Tuesday, January 09, 2007

Reward Construction Kit

One of the odd little challenges you take on when you take on employees is the constant need to reward them. There are two sides to this story: What behavior do you reward? and What do you give as a reward?

Rewards don't always have to money. In fact, money gets boring for you and boring for your employees.

Some financial rewards make sense. For example, we give out profit-based bonuses based on the company's quarterly performance. And we give a $1/hour raise for every Microsoft exam passed.

But the rest of the time, we try to come up with something more original.
On the question of what to reward, here's a pretty simple exercise.
What do you value? What bahavior do you want to encourage?

If you value teamwork, reward teamwork.

If you value technical prowess, reward technical prowess.

If you value good client relations, reward good client relations.

The rewards don't have to be particularly big. The real reward is the recognition.

We recently decided to put LCD monitors on everyone's desk. But rather than just plop them on the desks, we decided to take the opportunity to do a little rewarding.

One of our never-ending battles is to get technicians to turn in their time cards on time. (Side note: Why do we have to motivate people to do the simple, most important thing that will put money in their pocket?) So the boxed LCDs sat on a pile. On Monday, each technician who had turned in his time card on time was given a monitor.

One technician took a month to turn in his timecard on time! It took so long that we actually ended up selling the monitor to a client and ordering a new one for the tech.

But it gave us a month to focus on the behavior and have a little fun.
Generally speaking, it's best to "catch" people doing the right thing and publicly recognize them as quickly as possible. This is better than a series of employee of the week/month/year awards. Plus, if you only have two or three or four employees, it's a bit absurd to cycle through employee of the month awards.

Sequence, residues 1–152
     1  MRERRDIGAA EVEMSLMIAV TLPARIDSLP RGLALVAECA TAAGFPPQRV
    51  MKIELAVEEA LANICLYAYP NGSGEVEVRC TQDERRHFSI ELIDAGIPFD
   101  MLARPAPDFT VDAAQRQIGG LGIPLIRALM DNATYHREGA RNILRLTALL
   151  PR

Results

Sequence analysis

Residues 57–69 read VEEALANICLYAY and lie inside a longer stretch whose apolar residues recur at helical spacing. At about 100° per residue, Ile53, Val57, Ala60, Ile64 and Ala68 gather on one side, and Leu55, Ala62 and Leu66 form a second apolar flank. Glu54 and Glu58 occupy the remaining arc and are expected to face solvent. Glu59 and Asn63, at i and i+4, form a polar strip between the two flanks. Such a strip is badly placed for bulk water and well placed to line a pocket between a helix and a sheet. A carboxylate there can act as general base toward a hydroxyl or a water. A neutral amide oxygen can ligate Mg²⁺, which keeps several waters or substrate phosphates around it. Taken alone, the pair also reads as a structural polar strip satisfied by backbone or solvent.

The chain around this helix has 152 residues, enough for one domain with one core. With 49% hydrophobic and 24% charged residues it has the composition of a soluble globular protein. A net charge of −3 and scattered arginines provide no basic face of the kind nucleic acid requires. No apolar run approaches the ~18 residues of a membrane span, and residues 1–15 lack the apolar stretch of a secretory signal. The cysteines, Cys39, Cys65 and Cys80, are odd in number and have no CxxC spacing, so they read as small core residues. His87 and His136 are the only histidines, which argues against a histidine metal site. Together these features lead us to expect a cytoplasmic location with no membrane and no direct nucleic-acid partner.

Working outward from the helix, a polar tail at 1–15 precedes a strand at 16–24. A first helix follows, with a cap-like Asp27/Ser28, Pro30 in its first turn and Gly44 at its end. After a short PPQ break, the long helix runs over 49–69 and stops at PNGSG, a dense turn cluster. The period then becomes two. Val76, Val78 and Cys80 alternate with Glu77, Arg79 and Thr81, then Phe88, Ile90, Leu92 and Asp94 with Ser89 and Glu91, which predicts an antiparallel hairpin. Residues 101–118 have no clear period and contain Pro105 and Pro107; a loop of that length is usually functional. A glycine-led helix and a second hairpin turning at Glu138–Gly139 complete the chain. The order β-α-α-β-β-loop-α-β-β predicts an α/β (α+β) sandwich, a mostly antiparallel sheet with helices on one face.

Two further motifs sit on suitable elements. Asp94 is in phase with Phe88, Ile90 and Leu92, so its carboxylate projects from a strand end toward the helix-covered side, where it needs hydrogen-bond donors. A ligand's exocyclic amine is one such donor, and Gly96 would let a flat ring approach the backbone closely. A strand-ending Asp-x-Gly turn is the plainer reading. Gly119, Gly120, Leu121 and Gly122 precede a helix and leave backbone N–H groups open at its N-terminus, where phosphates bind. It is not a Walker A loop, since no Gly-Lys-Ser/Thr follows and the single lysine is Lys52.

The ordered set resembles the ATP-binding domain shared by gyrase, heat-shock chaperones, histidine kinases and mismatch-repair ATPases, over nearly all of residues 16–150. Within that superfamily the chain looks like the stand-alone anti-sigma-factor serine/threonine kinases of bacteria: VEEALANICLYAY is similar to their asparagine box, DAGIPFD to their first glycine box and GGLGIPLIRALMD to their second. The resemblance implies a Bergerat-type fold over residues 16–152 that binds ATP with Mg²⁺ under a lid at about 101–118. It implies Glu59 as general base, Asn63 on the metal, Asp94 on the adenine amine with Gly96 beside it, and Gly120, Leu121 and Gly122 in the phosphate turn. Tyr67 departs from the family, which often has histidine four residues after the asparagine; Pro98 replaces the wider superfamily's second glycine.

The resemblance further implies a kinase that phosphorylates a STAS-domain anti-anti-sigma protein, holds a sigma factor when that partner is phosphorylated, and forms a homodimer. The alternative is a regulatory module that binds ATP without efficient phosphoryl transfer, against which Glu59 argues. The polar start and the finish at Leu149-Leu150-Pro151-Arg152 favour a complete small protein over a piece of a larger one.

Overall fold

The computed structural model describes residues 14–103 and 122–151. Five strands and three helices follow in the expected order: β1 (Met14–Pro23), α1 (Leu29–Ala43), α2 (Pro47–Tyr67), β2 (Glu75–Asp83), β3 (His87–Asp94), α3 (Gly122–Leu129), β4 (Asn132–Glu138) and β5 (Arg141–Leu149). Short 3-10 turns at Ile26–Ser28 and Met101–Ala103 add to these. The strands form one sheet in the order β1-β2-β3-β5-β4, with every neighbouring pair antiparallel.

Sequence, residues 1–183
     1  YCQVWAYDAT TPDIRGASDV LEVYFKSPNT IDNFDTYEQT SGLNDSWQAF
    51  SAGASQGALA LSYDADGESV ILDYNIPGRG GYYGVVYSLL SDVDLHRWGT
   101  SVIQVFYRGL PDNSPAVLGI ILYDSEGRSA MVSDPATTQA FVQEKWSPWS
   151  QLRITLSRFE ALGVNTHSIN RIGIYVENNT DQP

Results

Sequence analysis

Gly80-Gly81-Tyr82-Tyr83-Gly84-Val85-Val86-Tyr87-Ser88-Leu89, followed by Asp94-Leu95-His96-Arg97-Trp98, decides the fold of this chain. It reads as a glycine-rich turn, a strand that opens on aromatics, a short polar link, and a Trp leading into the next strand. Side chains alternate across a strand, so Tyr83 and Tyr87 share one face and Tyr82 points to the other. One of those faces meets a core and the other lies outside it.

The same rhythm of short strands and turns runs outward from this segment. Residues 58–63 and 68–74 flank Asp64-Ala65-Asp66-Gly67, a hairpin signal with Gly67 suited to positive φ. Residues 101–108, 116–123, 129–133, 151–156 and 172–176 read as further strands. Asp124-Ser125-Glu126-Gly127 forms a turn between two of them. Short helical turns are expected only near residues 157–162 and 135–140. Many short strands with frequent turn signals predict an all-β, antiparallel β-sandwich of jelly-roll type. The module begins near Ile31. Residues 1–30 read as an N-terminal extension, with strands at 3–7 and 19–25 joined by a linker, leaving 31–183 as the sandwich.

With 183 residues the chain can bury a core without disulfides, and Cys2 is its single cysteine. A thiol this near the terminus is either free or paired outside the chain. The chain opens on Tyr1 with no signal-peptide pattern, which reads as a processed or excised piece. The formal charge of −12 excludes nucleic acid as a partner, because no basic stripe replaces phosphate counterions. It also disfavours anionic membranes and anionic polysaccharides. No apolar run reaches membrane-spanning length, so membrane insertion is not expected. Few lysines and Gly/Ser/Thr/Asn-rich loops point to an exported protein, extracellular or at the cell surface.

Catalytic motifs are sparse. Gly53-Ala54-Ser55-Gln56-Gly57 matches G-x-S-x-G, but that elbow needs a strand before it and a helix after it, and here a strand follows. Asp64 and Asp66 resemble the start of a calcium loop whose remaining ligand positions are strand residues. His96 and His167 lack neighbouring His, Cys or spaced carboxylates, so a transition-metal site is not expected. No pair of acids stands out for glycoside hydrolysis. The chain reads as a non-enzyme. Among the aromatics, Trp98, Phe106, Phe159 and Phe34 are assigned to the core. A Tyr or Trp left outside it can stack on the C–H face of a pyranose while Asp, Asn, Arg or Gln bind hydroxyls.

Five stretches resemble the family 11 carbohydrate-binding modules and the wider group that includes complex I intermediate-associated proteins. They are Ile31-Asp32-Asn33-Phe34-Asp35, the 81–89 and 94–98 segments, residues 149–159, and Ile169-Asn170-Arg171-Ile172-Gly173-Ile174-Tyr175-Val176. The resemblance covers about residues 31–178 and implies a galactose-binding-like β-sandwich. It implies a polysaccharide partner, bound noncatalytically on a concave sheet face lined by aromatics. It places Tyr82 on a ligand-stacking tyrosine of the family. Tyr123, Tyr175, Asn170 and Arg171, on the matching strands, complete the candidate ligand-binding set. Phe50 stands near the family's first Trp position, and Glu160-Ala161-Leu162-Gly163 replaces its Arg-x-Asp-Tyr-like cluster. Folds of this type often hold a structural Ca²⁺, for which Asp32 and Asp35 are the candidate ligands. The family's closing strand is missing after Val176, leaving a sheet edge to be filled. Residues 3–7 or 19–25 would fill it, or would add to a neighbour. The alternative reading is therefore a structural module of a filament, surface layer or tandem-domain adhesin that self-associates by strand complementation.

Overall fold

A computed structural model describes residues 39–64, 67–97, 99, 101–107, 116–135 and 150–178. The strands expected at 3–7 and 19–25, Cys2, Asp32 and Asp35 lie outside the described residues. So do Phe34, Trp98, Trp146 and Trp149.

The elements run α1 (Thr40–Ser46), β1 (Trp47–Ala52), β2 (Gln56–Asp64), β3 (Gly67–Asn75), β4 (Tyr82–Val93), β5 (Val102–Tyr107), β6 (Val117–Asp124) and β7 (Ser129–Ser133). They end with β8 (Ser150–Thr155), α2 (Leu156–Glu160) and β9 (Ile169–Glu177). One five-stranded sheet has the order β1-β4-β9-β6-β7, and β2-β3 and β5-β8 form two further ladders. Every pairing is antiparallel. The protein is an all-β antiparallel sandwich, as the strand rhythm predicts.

In fact, small companies like this are the best demonstration you'll find of the absurdity of employee of the month awards. You have to give out the award. You can't give it to the same employee every month. Or the same department. At some point you have to give it to the one person who deserves it the least, just so you can "be fair" and keep peace.

Here's an example from just this week in our own little company. All last week I found myself reviewing the month of December. Reviewing work done, work undone, effective use of time, billable hours, and so forth. One topic after another. Again and again I found myself saying "We're really lucky to have Thomas on board." Whereever we needed him, he was right on target.

So over the weekend I went and bought an electric dartboard for Thomas. I presented it at the company meeting on Monday. Perhaps a meaningless gift. But heartfelt, public, and intended to reward someone to let him know that we appreciate his contributions.

Rewarding employees is a never-ending task. The important thing is to make sure you focus on behavior that's important to the company and reward it.

Come up with fun, interesting, and stupid rewards.

No matter how small you are, sincere rewards will be appreciated.

1 comment:

  1. Anonymous8:15 AM

    Great post, this is very timely information, seems like everyone is talking about employee retention, motivation, attraction, etc. etc. these days.

    What we've found is that the recognition actually means just as much as the reward, in most cases. This tool is a neat way to easily recognize your employees.

    The bottom line is that if your employees don't feel appreciated for the valuable contributions they make, they aren't going to be engaged.

    Employee engagement seems to be a strong theme for 2007...


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